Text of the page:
Crossroads Audio's Ed Spoto: "It's Horrible To Go To A Concert With An Audio Engineer"
Ed Spoto, mopping up the remains of someone who suggested Auto-tune.
Ed Spoto helms Crossroads Audio, which provides many of the mics, PAs, lighting systems and rigs you see at local shows and festivals. Locally, his client list includes acts like Bowling For Soup, Erykah Badu, The Denton Blues Festival and the Dallas Symphony Orchestra.
Nationally, Spoto, his wife Ashley (who runs the books and more) and the Crossroads crew have been involved in sound and lighting for Bonnaroo, Austin City Limits Music Festival and tons more. He's a pretty reputable live recording engineer as well, and quite an irreverent critic with very eclectic tastes in local music, making for an interesting sit down.
You've been known to say, "I hate people and I hate music." True? To be fair, I do not hate people, just douchebag posers. And I don't hate music, just the Auto-tuned songs. I used to be a runner for my promoter uncle in Tampa when I was 16. I learned pretty quickly to avoid being star struck! Seeing diva demands of has-been or never-were "artists" shaped my view of the industry.
Your first live sound job in town was with Showco, and you hopped on some pretty big tours. You mind namedropping? Within three months of starting there, I was on tour with Soundgarden. By the end of the fall, I was on The Rolling Stones Voodoo Lounge tour. I started working my way up the audio ladder: Tech, systems engineer, monitors and front of house. I've also toured with Live, James Taylor, The Moody Blues, Lisa Loeb, Carlos Santana, George Strait and the Dixie Chicks to name a few.
I understand Lisa Loeb is one of your favorite Dallas artists. Are there any more? I'm a fan of the Freddie Jones Jazz Quartet, Lisa Loeb, and Rigor Mortis.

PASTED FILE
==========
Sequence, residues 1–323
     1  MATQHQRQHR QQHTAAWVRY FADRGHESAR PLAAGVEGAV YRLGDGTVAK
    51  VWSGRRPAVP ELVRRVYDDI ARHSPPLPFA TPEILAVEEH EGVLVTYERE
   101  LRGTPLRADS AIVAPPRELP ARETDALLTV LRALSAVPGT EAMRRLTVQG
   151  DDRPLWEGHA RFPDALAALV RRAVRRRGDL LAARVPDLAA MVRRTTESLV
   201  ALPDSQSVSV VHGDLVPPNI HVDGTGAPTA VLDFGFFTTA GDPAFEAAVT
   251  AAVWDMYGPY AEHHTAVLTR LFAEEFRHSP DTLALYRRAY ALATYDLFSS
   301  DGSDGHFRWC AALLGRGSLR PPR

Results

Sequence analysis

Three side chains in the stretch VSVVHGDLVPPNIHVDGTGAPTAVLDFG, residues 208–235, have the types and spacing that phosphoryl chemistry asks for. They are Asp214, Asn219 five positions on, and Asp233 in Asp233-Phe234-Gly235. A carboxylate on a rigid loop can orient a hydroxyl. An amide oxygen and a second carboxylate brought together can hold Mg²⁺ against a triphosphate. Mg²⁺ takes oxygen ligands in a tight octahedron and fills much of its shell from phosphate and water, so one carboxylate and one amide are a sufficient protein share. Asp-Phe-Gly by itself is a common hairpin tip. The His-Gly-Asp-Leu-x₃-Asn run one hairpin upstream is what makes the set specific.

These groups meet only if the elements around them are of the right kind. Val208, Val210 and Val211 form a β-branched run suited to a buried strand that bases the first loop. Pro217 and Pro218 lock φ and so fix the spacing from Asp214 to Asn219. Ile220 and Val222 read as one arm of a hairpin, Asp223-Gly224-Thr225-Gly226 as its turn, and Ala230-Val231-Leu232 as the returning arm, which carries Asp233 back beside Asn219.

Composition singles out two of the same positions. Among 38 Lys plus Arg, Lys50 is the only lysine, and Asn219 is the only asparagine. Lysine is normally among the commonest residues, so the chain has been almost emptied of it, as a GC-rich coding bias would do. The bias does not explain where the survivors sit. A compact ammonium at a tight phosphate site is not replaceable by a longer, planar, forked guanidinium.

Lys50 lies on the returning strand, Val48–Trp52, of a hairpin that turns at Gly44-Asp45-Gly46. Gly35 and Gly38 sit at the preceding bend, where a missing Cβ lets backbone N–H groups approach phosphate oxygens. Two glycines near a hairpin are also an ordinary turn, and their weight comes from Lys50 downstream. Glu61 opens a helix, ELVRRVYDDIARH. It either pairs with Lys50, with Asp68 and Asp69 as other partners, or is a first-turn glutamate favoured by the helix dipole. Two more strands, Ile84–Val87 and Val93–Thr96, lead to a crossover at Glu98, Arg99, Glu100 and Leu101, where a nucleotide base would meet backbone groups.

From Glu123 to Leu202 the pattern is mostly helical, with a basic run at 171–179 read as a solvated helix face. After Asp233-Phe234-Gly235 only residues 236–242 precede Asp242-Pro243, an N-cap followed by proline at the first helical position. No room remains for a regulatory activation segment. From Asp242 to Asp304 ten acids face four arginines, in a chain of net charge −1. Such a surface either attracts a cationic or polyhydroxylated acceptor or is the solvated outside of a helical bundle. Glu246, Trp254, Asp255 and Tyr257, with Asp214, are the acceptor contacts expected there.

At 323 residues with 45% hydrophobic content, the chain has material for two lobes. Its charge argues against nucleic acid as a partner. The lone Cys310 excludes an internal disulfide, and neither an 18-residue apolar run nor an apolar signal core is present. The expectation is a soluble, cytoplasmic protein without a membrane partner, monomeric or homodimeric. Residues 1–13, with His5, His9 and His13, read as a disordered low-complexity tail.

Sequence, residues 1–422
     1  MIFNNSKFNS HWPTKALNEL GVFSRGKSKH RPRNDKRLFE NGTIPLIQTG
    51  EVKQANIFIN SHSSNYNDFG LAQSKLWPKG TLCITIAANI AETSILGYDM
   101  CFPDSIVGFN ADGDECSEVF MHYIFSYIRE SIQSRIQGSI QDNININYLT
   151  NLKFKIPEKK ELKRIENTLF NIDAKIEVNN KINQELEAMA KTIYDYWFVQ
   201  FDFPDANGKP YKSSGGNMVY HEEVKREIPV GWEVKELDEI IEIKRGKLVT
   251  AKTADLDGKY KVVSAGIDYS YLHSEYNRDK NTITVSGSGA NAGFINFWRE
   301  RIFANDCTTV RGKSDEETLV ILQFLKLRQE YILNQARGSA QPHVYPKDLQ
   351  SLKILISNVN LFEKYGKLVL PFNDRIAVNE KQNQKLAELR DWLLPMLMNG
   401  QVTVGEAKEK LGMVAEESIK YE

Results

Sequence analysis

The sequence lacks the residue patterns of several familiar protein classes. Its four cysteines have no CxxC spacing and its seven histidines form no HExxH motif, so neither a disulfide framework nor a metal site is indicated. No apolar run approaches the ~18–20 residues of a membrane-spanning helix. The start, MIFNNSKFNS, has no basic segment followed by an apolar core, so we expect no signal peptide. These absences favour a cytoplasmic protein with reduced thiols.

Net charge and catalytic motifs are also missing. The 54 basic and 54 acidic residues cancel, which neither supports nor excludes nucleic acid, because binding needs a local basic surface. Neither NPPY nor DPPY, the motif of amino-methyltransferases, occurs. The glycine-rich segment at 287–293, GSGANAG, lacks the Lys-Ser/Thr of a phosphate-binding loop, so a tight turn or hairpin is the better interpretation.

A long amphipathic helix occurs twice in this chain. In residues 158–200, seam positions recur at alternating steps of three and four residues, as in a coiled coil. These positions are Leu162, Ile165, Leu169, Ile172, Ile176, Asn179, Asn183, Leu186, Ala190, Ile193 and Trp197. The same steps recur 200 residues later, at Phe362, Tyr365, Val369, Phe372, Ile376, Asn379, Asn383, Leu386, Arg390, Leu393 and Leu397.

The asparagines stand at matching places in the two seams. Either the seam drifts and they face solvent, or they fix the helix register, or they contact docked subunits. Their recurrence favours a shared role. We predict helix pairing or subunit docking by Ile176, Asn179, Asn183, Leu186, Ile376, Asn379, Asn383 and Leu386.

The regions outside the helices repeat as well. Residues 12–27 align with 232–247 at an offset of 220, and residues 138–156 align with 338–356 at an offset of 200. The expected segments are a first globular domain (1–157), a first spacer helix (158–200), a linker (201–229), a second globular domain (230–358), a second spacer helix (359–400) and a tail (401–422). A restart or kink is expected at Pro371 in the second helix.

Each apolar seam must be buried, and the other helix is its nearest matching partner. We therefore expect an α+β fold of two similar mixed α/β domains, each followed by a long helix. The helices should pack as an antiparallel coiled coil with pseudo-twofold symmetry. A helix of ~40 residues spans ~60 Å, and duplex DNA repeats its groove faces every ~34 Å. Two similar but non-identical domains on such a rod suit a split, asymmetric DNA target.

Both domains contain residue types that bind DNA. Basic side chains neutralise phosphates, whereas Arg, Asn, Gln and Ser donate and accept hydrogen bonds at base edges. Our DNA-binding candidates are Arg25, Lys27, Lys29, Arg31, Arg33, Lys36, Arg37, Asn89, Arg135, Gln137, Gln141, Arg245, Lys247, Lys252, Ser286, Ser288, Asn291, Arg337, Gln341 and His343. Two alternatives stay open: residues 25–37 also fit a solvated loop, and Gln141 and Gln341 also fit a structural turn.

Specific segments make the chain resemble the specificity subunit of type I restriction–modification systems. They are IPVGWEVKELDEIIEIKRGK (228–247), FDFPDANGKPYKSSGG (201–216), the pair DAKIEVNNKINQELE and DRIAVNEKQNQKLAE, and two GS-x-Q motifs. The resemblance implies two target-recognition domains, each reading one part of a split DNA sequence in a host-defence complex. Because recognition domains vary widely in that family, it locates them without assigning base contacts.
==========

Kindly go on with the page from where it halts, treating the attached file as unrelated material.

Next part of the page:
You've heard an awful lot of local and national, acts live. What does music need more of? Less of? How about the local music community itself? No more whistling, no more Auto-tune and lots more melody. More CDs, less digital mp3 sound bites. Additionally, just as there are high schools with focuses on alternative careers and job training, there is a need for education infrastructure to create talented audio engineers. Emphasis needs to be placed on critical listening skills for engineers, so live mixes do not sound like mp3 recordings. With the amount of volume capable in today's PA systems, an emphasis needs to be placed on quality and not decibel quantity. A third of all students entering college have permanent hearing loss. We need to save these ears!
Speaking of schools, which ones taught you? I was raised in Tampa, and I loved tinkering with electronics and toys at a young age. My father brought home a reel-to-reel recorder from Vietnam filled with Joan Baez, Beatles, Kensington Trio, numerous jazz standards like Miles Davis. I went to Vanderbilt in Nashville and got an electrical engineering degree, fully knowing that I wouldn't ever be an electrical engineer. After I graduated from Vanderbilt, I attended Full Sail in Orlando, and earned my associates degree.
Do you still go to concerts on your own time? Do you even have any free time running a place like this? I don't go to concerts unless I have a friend to see, really. It's horrible to go to a concert with an audio engineer because all they do is mentally re-tweak the system instead of just sitting back and enjoying it!
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